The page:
Another addition aside from cannabis as an opioid alternative, is that the Department of State Health Services could designate any issue seen as a debilitating medical condition, for cannabis treatment. This would make it so that more conditions could be treated by cannabis, regardless of whether they’re officially stated in the law.
The bill isn’t out of the woods yet, and passed over to the Texas Senate after approval by the House. Should it pass through the Senate, its expected to be enacted in September, 2023. But its already known that making it through the Senate, will be much harder than making it through the House. The Senate is presided over by Lt. Gov. Dan Patrick, a staunch anti-legalization supporter.
An example of this disconnect between government entities related to cannabis was seen prominently in 2019, when the House passed a cannabis decriminalization measure, which stalled out in the Senate. Several other legislative measures concerning cannabis have gone the same way since that time.
Texas and opioids
Perhaps what will ultimately give this bill a good push forward, is that its specifically related to opioids. Opioids have become an incredible problem throughout the US, and beyond. 2021 saw close to 100,000 opioid overdose deaths in just the US, with nothing done on a substantial level to get rid of the problem.
In fact, despite the deaths, and despite every state having some kind of lawsuit against big pharma giants and retailers, opioids are still allowed through government regulation, and doctor’s are still most certainly allowed to prescribe them. While alternatives like ketamine exist (which would realistically prove more useful than cannabis), this is literally pushed down so far, its not a part of the conversation.
What’s the deal in Texas specifically with opioids? According to the Texas Workforce Commission, there were 2,506 opioid-related deaths in 2021, which was an 80% increase from 2020. In 2020, 92% of opioid deaths were from synthetic opioids, in the age range of 0-17. In 2021, the average monthly death rate was 209, up from 114 in 2019. And since 2017, 52% of all unintended deaths from overdose, included use of an opioid.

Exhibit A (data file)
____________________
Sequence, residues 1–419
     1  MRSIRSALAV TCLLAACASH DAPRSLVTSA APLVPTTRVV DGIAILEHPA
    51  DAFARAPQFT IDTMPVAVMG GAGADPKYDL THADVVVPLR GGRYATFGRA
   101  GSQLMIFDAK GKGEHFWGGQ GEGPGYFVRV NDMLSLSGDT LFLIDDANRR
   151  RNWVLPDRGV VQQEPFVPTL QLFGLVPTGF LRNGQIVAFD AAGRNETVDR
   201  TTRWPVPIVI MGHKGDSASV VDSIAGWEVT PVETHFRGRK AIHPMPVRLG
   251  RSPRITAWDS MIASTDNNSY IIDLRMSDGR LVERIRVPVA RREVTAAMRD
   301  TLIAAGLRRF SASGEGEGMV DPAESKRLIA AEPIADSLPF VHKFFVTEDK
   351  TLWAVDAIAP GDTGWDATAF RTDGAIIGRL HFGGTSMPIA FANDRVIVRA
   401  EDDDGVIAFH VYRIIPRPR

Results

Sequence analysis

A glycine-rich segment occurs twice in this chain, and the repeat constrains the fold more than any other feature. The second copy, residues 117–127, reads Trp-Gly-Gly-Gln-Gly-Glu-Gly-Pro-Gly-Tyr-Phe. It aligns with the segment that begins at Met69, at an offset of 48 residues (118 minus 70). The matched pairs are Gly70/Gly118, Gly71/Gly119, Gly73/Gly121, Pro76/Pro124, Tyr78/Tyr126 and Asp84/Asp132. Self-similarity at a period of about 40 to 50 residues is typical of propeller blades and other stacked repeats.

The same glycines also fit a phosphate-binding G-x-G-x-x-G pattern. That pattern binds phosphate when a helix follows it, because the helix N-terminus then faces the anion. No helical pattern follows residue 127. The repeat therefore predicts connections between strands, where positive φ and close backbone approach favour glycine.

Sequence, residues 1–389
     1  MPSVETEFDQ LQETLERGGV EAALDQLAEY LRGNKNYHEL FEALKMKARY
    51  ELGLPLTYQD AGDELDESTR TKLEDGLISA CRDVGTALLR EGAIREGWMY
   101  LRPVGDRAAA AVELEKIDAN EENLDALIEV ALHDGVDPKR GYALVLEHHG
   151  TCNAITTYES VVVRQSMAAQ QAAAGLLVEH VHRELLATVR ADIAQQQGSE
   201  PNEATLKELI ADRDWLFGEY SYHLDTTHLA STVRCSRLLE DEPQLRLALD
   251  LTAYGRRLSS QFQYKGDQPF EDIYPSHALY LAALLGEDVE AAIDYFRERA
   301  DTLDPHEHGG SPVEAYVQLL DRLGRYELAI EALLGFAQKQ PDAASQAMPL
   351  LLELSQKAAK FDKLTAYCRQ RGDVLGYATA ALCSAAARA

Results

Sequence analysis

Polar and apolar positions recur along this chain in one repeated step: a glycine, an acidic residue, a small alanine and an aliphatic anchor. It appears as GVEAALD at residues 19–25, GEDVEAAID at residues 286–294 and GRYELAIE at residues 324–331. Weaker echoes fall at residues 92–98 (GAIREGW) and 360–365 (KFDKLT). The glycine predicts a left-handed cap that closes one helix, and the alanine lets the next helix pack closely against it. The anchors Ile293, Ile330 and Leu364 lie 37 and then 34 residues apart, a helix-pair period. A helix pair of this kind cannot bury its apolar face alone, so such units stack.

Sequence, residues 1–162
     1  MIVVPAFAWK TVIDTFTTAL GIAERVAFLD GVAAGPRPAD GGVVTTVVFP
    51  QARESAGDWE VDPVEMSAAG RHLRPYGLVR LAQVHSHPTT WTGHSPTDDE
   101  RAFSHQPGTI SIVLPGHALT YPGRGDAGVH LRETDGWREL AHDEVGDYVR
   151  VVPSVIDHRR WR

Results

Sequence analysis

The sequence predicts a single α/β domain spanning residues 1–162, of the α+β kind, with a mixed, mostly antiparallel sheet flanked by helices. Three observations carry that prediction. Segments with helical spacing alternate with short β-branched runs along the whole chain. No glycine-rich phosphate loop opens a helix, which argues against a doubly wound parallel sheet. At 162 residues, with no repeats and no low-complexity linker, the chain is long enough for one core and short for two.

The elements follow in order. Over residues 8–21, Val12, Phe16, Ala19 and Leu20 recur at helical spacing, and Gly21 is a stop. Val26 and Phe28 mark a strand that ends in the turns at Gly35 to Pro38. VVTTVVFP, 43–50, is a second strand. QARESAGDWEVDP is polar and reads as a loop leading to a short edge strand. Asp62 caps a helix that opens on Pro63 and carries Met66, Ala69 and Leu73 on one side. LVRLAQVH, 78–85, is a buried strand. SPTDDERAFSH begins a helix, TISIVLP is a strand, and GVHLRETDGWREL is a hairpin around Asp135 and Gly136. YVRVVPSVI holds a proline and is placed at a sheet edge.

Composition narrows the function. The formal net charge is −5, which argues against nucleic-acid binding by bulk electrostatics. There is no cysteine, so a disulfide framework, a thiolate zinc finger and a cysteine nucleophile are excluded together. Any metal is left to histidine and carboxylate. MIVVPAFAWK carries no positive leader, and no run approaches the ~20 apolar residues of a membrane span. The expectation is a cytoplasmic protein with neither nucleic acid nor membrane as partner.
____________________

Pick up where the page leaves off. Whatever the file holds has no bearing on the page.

When comparing Texas to the rest of the US, in 2020, the Texas rate of opioid use was 7.2%, while in America overall, the rate was 5.6%. The top five counties in the state hit hardest by opioids in 2020, were: Harris, Dallas, Tarrant, Bexar, and Travis; with deaths of 489, 217, 165, 125, and 109, respectively. It’s fair to say that Texas has a bit of a problem with opioids.
Enough to be a part of lawsuits against 11 different entities. These include four with manufacturing companies: Johnson & Johnson, Endo, Teva, and Allergan. It’s a part of a separate suit with the following distributors: AmerisourceBergen, Cardinal Health, and McKesson. One against retailers: CVS, Walgreens, and Walmart. And one with manufacturer and distributor Mallinckrodt, which is now bankrupt. It’s expected that all told (Texas and beyond), these companies are paying in the neighborhood of $50 million in these, and other, suits; and that’s not accounting for future lawsuits.
There’s no saying if this medical expansion bill will pass. However, that it attempts to facilitate some kind of help to opioid users in the way of using cannabis as an alternative for opioid medicines; indicates it might get more traction than other cannabis-related bills. In a state with growing opioid damage, even anti-cannabis holdouts, will eventually have to cave to voter will for help and change.
Cannabis might not be the overall best opioid alternative, but its certainly something at a time when something is needed. What might be a better showing of support for the people, however, is laws that eliminate the legal ability to prescribe and sell these medications. And if you’re thinking we could never as a population handle life without them; its best to remember that not only are there non-addictive alternatives like ketamine, but that we as a species survived thousands of years without synthetic opioids. Just a thought.